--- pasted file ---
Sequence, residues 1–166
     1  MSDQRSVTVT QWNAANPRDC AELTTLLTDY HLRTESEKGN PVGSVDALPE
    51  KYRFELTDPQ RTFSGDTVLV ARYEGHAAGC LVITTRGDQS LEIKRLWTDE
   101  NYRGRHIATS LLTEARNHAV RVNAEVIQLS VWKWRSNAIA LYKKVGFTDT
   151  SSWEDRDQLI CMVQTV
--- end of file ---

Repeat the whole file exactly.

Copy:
Sequence, residues 1–166
     1  MSDQRSVTVT QWNAANPRDC AELTTLLTDY HLRTESEKGN PVGSVDALPE
    51  KYRFELTDPQ RTFSGDTVLV ARYEGHAAGC LVITTRGDQS LEIKRLWTDE
   101  NYRGRHIATS LLTEARNHAV RVNAEVIQLS VWKWRSNAIA LYKKVGFTDT
   151  SSWEDRDQLI CMVQTV